Wine Profile: Shiraz/Syrah

Known throughout most of the world as Syrah, this grape and the wine produced from it is called Shiraz in Australia, where it’s long been the mainstay of Brand Australia wine. And for good reason: while I have no experience of French Syrah, which is one of the primary grapes in Hermitage, and am told it’s very different, Australian Shiraz (and New Zealand Syrah, because the grape is taking off here too) is a definite favourite.

Shiraz wine folly
Shiraz/Syrah, (c) Wine Folly

Shiraz is an ancient city in Iran, which was once part of Persia, and while alcohol is officially outlawed in that observantly-Muslim nation rumours persist through the grapevine (ahem!) that villagers in the Shiraz area preserve their ancient wine-making and wine-drinking culture on the quiet. And it certainly is ancient: wine may have been produced and consumed in the area as early as 5,000 B.C.E., not too long, relatively speaking, after the dawn of human settlement and farming. France, by comparison, boasts a wine-making history which is only confirmed as far back as around 500 B.C.E. One charming, though sadly untrue, legend holds that the Shiraz grape was introduced to the Hermitage region by a knight returning from the Crusades – in fact, the grape appears to have evolved in France from earlier varietals.

Shiraz is a red wine with a deep, often purple, colour. It is smooth and full bodied with medium-high tannins and acidity, and has a typical ABV of anywhere from 14% to 15%. It typically has flavours of blackberry and boysenberry, with smoky and oaky notes and, sometimes, a definite hint of chocolate. This once caused amusing (to the adults at least) confusion to the teenaged son of a friend, to whom we were describing the concept of aroma, or bouquet: having been invited to sniff his mother’s glass of shiraz he identified the chocolate notes, which were quite pronounced in that bottle, and, with his mother’s permission, took a sip – only to be extremely disappointed that the wine did not, in fact, taste very much like chocolate!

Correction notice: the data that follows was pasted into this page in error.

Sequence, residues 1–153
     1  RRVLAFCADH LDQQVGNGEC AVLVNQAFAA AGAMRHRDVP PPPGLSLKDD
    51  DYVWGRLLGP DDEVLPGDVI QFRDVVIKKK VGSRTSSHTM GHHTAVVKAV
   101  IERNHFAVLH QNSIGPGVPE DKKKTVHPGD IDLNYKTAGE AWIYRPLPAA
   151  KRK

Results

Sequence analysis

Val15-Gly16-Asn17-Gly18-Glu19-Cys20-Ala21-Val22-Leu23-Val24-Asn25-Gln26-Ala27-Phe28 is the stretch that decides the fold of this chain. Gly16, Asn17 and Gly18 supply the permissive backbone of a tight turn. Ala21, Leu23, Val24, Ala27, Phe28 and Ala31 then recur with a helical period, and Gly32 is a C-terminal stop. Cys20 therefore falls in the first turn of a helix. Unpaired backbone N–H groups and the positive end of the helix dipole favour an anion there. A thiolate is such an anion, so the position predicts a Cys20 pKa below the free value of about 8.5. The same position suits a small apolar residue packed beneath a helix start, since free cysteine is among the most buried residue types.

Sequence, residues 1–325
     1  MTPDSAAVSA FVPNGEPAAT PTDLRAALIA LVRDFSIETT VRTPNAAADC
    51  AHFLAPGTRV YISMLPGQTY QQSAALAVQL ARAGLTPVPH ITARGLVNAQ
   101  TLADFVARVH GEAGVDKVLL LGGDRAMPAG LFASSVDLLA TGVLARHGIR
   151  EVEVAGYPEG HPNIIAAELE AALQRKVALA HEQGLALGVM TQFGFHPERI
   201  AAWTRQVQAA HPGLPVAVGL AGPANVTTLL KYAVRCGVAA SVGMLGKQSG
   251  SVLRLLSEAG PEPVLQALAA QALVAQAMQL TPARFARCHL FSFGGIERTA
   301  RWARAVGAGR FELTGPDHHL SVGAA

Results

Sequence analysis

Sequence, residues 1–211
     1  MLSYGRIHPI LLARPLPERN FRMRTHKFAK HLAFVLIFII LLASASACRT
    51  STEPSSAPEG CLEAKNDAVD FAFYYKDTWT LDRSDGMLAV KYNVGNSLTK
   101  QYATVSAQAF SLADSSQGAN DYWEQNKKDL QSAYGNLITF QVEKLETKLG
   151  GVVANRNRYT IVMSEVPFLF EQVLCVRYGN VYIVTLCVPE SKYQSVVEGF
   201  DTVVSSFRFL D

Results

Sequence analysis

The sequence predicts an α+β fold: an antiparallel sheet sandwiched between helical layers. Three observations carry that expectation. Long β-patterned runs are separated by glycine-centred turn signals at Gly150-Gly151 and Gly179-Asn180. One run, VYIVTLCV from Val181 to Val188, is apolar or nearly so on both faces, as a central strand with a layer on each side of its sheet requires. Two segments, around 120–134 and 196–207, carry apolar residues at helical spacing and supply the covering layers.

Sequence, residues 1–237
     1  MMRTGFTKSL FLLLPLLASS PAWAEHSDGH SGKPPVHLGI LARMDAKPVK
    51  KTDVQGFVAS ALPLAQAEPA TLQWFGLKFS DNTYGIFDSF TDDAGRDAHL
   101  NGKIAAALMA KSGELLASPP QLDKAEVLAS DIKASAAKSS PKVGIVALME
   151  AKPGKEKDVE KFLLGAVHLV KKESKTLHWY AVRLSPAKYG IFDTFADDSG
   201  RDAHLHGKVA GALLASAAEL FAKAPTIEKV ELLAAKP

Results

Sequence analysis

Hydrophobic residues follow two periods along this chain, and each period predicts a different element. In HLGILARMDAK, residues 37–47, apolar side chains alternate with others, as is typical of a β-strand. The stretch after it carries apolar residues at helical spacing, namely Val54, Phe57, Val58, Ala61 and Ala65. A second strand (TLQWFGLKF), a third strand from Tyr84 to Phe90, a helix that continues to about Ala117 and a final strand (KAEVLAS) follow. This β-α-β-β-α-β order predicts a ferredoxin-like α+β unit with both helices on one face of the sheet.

Shiraz can be aged for 5-10 years, depending on the quality, and should be served warm (relatively speaking), at around 15C. It pairs well with rich, meaty dishes (making it perfect for the current winter weather here) and, of course, dark chocolate.

Shiraz grapes
Shiraz grapes on the vine.

Always drink responsibly. One standard drink of wine is approximately 100ml (3.3 fl oz). The New Zealand Ministry of Health recommends that women consume no more than 2 standard drinks a day, and no more than 10 standard drinks a week, and that men consume no more than 3 standard drinks a day and no more than 15 standard drinks a week (note that this is slightly lower than the limits recommended by the World Health Organisation). The World Health Organisation recommends that women abstain from alcohol during pregnancy. In New Zealand the legal drinking age is 18. Do not drink alcohol if you are under the legal age to do so in your country. It is illegal to drive while under the influence of alcohol.

 

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5 thoughts on “Wine Profile: Shiraz/Syrah

    1. Thank you! Simple and easy to understand is my goal (for my own sake more than anything) so I’m glad to know I’m achieving it. We don’t get a lot of Californian wines here in NZ, but I keep meaning to track some down.

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      1. Not really. Most of the wine available here is produced domestically or in Australia: relatively little comes from further afield. But I have seen the odd bottle, mainly of zinfandel. Will have to follow your blog to learn more – cheers!

        Liked by 1 person

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